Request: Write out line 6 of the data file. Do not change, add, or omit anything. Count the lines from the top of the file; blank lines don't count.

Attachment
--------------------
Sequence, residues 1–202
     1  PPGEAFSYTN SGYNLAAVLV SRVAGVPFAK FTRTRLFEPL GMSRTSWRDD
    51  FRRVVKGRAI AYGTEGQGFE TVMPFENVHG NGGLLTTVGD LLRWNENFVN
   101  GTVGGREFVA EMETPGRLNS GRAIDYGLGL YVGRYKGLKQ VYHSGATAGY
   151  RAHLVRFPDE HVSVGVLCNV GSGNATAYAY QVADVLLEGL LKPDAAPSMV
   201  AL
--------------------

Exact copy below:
   201  AL